Smart cities will fail if people are not on board

  • May 19, 2024
  • Steve Rogerson

Scientists and researchers are realising the importance of asking what people want from smart cities, as Steve Rogerson found during a visit to Samsung subsidiary Harman.

Suman Sehra (left) and Lutz Eichholz.

As cities around the world roll out technologies that save them money and add a tick to their goals of making things smarter, it can be easy to forget the most important factor, and that is the people who live in those cities.

If they do not accept the technology or even rebel against it, then all the effort can be for nothing, or at least for not much.

Cities are growing, populations are increasing, and getting older, pollution and climate change are problems, budgets are tight, both for councils and citizens, and yet what people want is a better and more comfortable life.

When those scientists and researchers pitch their latest ideas to city councils, it can be easy for both sides of that fence to assume the people will love them or at least accept them. The whole micromobility trend showed just how wrong that attitude could be.

Now, having e-scooters and e-bikes carrying out the last leg of a joined-up transport system is an excellent idea. And cities around the world have been implementing this technology at pace. But they hit a snag.

While some people leapt, almost literally, onto these bikes and scooters, they were a small minority. For most of the population, they were perceived as a nuisance. Suddenly, nice, safe pedestrian zones were no longer safe as e-scooters weaved their way along the street. Accidents happened, and are still happening. On top of that, riders parked them where they wanted and ugly piles of abandoned e-scooters became a common sight.

This backlash led to some micomobility companies going under, a few councils abandoning the idea, and in Paris we saw a referendum in which people voted, albeit on a ridiculously small turnout, to ban their use (

Sights such as this became all too common.

In fairness, the micromobility companies are using technology now to combat these worries by forcing people to park properly, and some cities are looking at dedicated micromobility lanes, and I am confident in time the problems will be solved. But wouldn’t it have been so much better if they had got the people on board from the start?

I was reminded of this last week when I visited Samsung subsidiary Harman ( at its offices just outside Munich. There, the company was displaying the range of mobility technologies it is bringing onto the market, and it hosted a panel discussion in which Harman vice president Suman Sehra and Lutz Eichholz, a smart city engineer from German engineering institute Fraunhofer IESE (, discussed the importance of taking people with you on your smart city journeys.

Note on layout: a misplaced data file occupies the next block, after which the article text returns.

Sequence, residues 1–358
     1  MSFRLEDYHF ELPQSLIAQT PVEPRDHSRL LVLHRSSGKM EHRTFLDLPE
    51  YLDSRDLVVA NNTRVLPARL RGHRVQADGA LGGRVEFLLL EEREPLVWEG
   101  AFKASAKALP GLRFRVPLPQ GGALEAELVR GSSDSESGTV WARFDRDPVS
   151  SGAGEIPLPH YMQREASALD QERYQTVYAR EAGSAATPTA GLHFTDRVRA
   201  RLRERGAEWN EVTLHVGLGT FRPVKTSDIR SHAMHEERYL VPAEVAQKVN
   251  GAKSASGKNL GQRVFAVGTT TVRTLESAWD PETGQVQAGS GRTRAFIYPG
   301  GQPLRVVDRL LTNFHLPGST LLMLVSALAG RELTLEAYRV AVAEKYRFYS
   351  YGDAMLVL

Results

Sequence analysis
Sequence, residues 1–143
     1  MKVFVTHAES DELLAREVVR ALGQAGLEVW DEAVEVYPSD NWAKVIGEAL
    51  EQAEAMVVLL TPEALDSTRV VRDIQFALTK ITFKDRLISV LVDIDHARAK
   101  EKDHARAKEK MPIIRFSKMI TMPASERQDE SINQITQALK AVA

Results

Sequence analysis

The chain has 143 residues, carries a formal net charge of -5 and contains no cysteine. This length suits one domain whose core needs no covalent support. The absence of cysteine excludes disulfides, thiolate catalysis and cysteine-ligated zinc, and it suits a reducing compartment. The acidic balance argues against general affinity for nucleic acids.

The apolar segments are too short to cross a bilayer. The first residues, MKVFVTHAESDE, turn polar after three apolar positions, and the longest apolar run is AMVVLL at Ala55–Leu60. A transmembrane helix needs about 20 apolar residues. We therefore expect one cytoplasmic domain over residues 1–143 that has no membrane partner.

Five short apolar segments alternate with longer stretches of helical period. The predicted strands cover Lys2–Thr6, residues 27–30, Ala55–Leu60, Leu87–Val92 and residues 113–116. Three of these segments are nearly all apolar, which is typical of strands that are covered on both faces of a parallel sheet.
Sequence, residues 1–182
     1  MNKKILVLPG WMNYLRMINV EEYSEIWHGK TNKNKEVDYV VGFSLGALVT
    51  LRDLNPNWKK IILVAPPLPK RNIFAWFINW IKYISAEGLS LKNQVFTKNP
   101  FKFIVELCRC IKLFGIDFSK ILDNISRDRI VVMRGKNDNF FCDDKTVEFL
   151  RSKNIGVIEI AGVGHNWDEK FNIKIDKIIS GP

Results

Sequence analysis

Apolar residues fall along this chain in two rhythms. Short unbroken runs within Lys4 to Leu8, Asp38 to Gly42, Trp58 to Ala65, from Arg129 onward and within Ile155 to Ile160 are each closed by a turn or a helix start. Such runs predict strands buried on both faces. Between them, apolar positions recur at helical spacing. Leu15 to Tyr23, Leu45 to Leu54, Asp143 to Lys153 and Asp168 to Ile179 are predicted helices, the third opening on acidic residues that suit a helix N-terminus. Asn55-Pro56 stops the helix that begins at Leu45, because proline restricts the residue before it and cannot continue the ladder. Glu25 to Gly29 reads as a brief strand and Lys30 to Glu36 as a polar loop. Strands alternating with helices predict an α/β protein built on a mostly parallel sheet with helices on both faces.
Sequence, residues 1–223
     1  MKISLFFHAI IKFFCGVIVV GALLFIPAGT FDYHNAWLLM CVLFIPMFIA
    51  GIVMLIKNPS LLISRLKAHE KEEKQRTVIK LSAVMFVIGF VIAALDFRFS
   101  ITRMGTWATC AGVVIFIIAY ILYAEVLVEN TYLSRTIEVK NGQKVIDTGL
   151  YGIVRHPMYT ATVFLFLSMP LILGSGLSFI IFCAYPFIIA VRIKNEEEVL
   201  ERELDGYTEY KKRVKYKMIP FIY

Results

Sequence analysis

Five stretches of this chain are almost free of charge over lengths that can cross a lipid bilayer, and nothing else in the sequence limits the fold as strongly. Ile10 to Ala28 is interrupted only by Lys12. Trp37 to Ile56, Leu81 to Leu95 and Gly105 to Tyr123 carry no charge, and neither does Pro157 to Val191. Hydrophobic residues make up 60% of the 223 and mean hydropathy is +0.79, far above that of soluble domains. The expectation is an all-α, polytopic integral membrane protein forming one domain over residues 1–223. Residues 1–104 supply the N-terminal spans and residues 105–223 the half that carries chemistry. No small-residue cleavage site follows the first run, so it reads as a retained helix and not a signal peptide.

“Technology is a means to an end,” said Suman. “A city is a city because of the people; you and I, we live there. We choose to live in a city for the quality of life, access to work, access to healthcare, and so on.”

Lutz added: “People don’t care about the technology, they want a better life. It is important we take the people with us, especially older people who are scared of technology. We have to take them by the hand sometimes.”

As an older person, I disagree with him a bit there. We are not scared of the technology, we have just been around long enough to know it is often wiser to step back a little and not jump onto every bandwagon that rolls into town. That said, you won’t get me on an e-scooter; but a nice comfortable autonomous shuttle to take me to the shops, I could go with that.

Ageism aside, Lutz has a point, and he sees the value in listening to the people they are trying to help.

“We have to ask the people what they want,” he said. “The e-scooter rollout could have been done better with better communications.”

Suman added: “For e-scooters, it is about awareness and education. It is about being incentivised to do it right. You need the right incentives to drive correct behaviour. You may have the best system, but if you don’t have the public trust, it is not going to go anywhere. The citizens have to be front and centre.”

That boosts my optimism that was beginning to fade as I saw the e-scooter fiasco play out even in my home city of Nottingham. Mistakes were made and now, hopefully, we can learn from them, not just in micromobility but in all flavours of smart city services.